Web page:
Higher education today faces numerous challenges, from quality to cost. But the fact that fewer than sixty percent of college freshmen graduate in six years and fewer than forty percent earn an associate degree in three years turns few heads. The dropout problem is especially acute for black and Latino students, those from poor families, and those who are first in their families to go to college. In short, millions of students are leaving college without a degree,
saddled with debt, and little to show for it.

In The College Dropout Scandal, David Kirp outlines the scale of the problem…


Feudal Society

By Marc Bloch,

Book cover of Feudal Society

An English translation of a book published in French in 1940 (La société féodale). One of the truly great books on medieval society, it brought the richness and diversity of the Middle Ages alive for me in ways that have stayed with me throughout my career as a scholar and author. It also introduced me to History as written in France, again something that has always inspired me.

Feudal Society

By Marc Bloch,

Why should I read it?

3 authors picked Feudal Society as one of their favorite books, and they share why you should read it.

What is this book about?

Marc Bloch said that his goal in writing Feudal Society was to go beyond the technical study a medievalist would typically write and 'dismantle a social structure.' In this outstanding and monumental work, which has introduced generations of students and historians to the feudal period, Bloch treats feudalism as living, breathing force in Western Europe from the ninth to the thirteenth century. At its heart lies a magisterial account of relations of lord and vassal, and the origins of the nature of the fief, brought to life through compelling accounts of the nobility, knighthood and chivalry, family relations, political and…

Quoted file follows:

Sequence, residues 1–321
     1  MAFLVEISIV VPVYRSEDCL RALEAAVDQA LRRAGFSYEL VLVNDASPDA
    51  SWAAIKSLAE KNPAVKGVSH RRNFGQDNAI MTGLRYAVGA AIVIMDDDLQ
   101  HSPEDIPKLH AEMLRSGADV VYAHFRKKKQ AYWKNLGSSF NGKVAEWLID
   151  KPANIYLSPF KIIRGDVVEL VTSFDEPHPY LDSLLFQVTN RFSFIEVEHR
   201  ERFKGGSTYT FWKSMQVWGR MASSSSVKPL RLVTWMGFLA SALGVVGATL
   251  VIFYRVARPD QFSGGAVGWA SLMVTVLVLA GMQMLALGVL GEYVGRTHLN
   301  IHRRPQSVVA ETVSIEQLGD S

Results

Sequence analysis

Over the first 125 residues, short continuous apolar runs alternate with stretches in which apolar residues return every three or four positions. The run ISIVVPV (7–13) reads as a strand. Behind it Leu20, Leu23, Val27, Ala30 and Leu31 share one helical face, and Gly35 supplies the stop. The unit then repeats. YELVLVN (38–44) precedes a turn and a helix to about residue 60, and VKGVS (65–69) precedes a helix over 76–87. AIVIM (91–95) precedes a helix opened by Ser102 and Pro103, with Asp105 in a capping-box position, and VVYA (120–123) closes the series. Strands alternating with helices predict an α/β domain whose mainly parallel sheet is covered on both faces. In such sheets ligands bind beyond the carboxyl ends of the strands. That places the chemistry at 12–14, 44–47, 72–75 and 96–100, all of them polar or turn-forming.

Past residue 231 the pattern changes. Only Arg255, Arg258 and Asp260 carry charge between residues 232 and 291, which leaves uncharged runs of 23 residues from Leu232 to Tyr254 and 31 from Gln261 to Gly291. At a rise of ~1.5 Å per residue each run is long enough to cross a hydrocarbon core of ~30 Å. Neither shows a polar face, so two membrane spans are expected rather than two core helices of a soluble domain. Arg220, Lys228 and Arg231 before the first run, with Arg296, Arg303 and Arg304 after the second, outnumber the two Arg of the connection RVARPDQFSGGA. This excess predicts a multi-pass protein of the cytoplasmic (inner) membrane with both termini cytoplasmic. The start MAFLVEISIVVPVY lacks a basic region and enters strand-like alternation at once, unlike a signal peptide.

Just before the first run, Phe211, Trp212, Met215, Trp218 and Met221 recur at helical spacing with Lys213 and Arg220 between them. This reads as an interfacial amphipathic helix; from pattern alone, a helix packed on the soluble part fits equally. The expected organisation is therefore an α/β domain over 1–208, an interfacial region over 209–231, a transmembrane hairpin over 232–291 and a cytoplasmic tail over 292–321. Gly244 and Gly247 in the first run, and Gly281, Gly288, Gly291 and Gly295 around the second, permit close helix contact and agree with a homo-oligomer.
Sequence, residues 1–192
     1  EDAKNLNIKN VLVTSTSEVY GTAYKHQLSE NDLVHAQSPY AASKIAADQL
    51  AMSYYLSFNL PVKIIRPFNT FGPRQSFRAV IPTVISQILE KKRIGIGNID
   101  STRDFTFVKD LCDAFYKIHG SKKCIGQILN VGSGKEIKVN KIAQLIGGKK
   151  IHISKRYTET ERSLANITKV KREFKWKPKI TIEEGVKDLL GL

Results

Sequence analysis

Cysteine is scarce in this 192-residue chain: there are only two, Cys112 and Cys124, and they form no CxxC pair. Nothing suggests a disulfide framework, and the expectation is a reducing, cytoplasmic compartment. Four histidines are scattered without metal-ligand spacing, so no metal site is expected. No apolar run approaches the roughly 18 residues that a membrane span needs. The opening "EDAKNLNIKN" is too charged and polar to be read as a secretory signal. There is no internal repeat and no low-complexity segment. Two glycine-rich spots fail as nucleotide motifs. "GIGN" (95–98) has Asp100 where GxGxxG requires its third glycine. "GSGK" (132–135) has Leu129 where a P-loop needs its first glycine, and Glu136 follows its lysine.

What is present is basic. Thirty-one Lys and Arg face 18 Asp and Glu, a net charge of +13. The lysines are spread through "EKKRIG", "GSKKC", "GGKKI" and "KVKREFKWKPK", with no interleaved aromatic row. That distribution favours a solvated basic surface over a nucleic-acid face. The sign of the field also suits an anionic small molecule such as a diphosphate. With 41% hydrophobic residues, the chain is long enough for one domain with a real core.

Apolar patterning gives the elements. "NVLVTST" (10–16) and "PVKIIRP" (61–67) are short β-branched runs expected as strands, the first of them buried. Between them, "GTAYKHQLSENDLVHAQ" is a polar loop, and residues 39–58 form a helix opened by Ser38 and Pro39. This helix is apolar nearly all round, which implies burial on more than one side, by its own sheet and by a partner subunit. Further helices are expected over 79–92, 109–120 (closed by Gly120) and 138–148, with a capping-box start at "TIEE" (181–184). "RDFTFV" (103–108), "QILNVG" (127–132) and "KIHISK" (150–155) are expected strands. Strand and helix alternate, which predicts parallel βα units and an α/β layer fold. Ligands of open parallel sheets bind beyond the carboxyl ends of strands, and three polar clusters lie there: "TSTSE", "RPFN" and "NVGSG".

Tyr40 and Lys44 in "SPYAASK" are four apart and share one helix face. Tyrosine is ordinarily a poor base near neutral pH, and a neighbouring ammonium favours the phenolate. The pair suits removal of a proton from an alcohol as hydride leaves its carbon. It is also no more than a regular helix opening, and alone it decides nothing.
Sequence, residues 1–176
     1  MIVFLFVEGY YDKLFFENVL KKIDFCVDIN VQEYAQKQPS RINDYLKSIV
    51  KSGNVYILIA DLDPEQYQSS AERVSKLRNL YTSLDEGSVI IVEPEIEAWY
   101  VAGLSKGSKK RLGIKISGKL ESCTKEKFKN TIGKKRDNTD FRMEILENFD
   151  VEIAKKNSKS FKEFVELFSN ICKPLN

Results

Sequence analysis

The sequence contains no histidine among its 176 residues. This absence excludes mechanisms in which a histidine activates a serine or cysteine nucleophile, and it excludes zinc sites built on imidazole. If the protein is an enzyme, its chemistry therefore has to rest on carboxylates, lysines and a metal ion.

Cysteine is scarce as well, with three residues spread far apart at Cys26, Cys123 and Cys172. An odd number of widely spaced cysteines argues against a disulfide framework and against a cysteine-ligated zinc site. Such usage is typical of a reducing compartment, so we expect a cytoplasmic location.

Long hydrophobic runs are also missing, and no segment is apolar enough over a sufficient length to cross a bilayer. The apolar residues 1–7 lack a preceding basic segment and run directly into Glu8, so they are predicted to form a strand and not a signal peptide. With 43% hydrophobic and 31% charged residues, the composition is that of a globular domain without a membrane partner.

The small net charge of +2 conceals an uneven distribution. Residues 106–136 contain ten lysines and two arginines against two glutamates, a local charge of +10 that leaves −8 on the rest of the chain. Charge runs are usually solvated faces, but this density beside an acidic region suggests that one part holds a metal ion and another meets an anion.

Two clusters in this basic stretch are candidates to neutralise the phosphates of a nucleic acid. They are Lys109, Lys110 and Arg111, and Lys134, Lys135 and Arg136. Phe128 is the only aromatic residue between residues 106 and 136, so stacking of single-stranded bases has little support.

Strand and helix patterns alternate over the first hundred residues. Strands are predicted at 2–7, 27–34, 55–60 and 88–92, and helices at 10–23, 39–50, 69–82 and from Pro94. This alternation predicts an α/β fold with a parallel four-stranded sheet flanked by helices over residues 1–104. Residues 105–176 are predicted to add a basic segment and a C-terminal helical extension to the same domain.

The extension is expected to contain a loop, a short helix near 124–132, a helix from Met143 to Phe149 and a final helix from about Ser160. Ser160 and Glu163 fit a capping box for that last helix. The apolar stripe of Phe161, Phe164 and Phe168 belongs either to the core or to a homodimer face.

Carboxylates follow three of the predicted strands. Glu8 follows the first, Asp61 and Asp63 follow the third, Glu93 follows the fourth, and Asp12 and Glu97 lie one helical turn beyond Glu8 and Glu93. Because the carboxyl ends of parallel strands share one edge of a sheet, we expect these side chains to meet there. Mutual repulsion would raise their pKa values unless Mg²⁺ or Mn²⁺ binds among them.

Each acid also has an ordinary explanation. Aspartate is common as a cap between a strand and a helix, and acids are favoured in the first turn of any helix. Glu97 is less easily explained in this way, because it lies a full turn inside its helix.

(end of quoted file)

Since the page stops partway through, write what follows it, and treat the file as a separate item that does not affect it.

Wealth Explosion

By Stephen Davies,

Book cover of Wealth Explosion: The Nature and Origins of Modernity

The great fact of economic history is that we all used to be poor, and now most of us are not. 200 years ago, almost 90 percent of the world’s population lived in extreme poverty, today around 9 percent does. This is the story of that remarkable transformation and what made it possible. Of course, there are many good books on this, and I have greatly enjoyed for example Joel Mokyr, Deirdre McCloskey, and David Landes, but this is a powerful, short book by a great historian, that manages to weave together economic, political, technological and intellectual factors into a very compelling narrative of progress and its preconditions over the past one thousand years.

Wealth Explosion

By Stephen Davies,

Why should I read it?

1 author picked Wealth Explosion as one of their favorite books, and they share why you should read it.

What is this book about?

How did the modern dynamist economy of wealth and opportunity come about? This major new analytical work emphasizes the often surprising, fundamental and continuing processes of innovation and transformation which has produced the world we live in now. / Today we live in a social and economic world that is fundamentally different from the one inhabited by our ancestors. The difference between the experience of people living today and that of all of our ancestors back to the advent of agriculture is as great as that between them and their hunter-gatherer forebears. The processes of transformational changes could have started…


What's Luck Got to Do with It? How Smarter Government Can Rescue the American Dream

By Edward D. Kleinbard,

Book cover of What's Luck Got to Do with It? How Smarter Government Can Rescue the American Dream